I made the personal decision to focus on writing the design specification and put the SaaS article on hold. I had about half of the SaaS article done when the specification was ready to be written. Writing a design patent specification isn’t hard, but it’s necessary to make sure I was using the correct terms of art. There was an older specification with the formatting already done for me. Having the ability to copy that saved me well over a couple hours. Every document I needed for the specification was saved in google drive, and the inventor did an excellent job explaining her product. The biggest challenge for me was writing the descriptions. There are specific terms that MUST be used to describe the drawings. Since it is the only way to explain a drawing in totality, I needed to do right. I finished the draft within a couple of days and sent that over to Feras for review. I received revisions Friday, and finished those immediately. I then turned my focus back to the SaaS article. Losing my train of thought made getting back into a complicated subject matter tough. There are a ton of small details in agreements that must be followed and are hard to explain in business terms. Regardless, I was able to get the ball rolling again and wrote to about two thirds of the article. Jonathan reached out and needed two responses to office actions done by the end of the week, so I transferred my energy to those. These office actions were a 2(d) and 2(e)(1) refusal. I started by working on the 2(d) refusal but realized it was going to be a significantly harder argument than the latter. I decided to solely focus on the 2(e)(1) article and finish it one day. The argument was easy to make, and the Examining Attorney’s reason was outrageous. I talked with Jonathan over the possible 2(d) arguments he was thinking about and found that there were some solid solutions. I was able to finish up that response over the last part of Thursday and Friday. Week four was about getting the SaaS article done. Jennifer also reached out about writing a CBD article in week four. Those are the two items on the docket. Overall, it was a mentally challenging yet SUPER fun week of work. I learned arguments I could make throughout my career. I am getting better at these responses and my hope is to now get faster!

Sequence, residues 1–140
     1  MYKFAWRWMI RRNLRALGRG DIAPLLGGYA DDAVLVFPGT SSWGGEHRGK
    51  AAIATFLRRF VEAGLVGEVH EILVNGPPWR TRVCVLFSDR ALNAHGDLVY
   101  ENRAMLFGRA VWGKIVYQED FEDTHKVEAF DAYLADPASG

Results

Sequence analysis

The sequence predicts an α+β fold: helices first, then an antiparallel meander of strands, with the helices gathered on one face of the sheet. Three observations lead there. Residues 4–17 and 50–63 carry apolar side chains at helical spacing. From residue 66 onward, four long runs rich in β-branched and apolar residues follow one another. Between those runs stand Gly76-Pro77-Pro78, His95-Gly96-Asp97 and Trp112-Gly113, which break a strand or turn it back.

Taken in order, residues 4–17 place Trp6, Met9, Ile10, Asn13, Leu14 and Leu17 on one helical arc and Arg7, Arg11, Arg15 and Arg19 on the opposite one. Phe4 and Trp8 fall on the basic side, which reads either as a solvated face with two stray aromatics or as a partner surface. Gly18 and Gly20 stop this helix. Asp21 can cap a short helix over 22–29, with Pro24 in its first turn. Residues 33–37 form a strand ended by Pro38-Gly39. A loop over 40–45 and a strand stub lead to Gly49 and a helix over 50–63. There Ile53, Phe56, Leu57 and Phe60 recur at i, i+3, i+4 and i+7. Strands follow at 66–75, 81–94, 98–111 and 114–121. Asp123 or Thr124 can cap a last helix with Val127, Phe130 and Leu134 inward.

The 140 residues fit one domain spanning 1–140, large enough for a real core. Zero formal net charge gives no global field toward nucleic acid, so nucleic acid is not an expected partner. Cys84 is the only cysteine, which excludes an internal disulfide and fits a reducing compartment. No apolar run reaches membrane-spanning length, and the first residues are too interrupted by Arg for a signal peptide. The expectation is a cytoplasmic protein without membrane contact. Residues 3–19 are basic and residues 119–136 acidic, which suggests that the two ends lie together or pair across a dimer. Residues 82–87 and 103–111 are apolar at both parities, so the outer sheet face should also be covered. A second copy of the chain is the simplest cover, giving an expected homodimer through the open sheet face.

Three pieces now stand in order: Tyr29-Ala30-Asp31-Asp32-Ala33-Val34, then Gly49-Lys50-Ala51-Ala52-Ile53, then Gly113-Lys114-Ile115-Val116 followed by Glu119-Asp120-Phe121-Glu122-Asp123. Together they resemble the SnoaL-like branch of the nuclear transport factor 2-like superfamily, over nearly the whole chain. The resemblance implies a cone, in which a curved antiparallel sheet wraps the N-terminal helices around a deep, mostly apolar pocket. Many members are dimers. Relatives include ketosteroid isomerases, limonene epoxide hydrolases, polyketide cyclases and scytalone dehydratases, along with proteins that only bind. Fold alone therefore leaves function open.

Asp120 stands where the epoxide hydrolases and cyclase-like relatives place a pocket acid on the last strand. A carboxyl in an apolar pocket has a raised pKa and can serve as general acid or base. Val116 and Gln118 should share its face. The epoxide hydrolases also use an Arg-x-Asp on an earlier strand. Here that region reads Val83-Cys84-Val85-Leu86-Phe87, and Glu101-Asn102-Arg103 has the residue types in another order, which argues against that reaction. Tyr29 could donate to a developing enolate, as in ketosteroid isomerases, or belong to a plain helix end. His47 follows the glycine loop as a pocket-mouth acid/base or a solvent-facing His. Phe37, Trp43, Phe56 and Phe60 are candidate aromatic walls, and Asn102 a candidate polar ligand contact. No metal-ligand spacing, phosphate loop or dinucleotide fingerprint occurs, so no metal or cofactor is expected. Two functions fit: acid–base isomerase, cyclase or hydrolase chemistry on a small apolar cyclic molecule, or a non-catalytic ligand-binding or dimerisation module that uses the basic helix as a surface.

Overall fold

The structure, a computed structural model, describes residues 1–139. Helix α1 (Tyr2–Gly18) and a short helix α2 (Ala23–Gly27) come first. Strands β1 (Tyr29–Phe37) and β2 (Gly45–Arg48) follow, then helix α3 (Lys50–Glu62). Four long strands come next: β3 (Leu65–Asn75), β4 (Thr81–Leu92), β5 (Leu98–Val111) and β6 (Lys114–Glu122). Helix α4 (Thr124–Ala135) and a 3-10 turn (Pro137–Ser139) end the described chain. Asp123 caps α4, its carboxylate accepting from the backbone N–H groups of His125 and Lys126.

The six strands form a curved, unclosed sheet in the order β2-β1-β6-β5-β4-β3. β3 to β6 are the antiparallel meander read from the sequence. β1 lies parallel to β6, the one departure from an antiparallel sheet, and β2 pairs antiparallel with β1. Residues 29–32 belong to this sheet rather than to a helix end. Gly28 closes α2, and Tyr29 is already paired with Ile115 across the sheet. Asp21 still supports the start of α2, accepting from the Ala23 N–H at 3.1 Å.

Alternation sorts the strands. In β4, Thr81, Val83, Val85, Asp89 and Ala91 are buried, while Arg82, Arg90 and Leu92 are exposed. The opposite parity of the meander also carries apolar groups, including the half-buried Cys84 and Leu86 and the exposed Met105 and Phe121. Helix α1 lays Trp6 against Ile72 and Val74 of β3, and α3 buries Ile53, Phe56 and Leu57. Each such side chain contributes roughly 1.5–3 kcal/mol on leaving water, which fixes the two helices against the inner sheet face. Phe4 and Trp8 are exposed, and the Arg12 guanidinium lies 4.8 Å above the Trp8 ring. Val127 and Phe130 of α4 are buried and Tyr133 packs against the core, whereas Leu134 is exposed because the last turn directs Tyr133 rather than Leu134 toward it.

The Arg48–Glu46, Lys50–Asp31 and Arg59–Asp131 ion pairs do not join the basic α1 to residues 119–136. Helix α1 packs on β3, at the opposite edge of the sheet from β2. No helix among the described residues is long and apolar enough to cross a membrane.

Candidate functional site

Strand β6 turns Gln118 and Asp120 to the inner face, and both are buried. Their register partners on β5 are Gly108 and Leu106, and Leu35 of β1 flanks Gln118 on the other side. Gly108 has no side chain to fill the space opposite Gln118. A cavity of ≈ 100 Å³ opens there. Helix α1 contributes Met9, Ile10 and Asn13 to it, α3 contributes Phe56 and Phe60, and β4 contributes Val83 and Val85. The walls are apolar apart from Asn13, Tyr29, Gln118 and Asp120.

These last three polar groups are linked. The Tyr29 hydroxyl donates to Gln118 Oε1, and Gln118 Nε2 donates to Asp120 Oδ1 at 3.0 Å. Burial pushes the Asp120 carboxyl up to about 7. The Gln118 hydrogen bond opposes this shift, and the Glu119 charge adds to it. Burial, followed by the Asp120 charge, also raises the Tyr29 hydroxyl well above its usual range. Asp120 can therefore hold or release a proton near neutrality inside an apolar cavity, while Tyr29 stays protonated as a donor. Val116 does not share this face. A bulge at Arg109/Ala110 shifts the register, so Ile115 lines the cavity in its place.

Advice: 

DO NOT HESITATE TO ASK QUESTIONS. I sat there for roughly 2 hours brainstorming arguments when I could have reached out to Jonathan and spent those two hours writing. Even if you do not use the arguments given, it will trigger other potential points. Lastly, make sure to communicate with others on what work is coming your way. As the clerkship gets going, you’ll have more and more projects. Being able to say, “hey I need to finish X first then I can get to it. Is that alright?” is a great way to communicate your workload and organize time in an appropriate manner.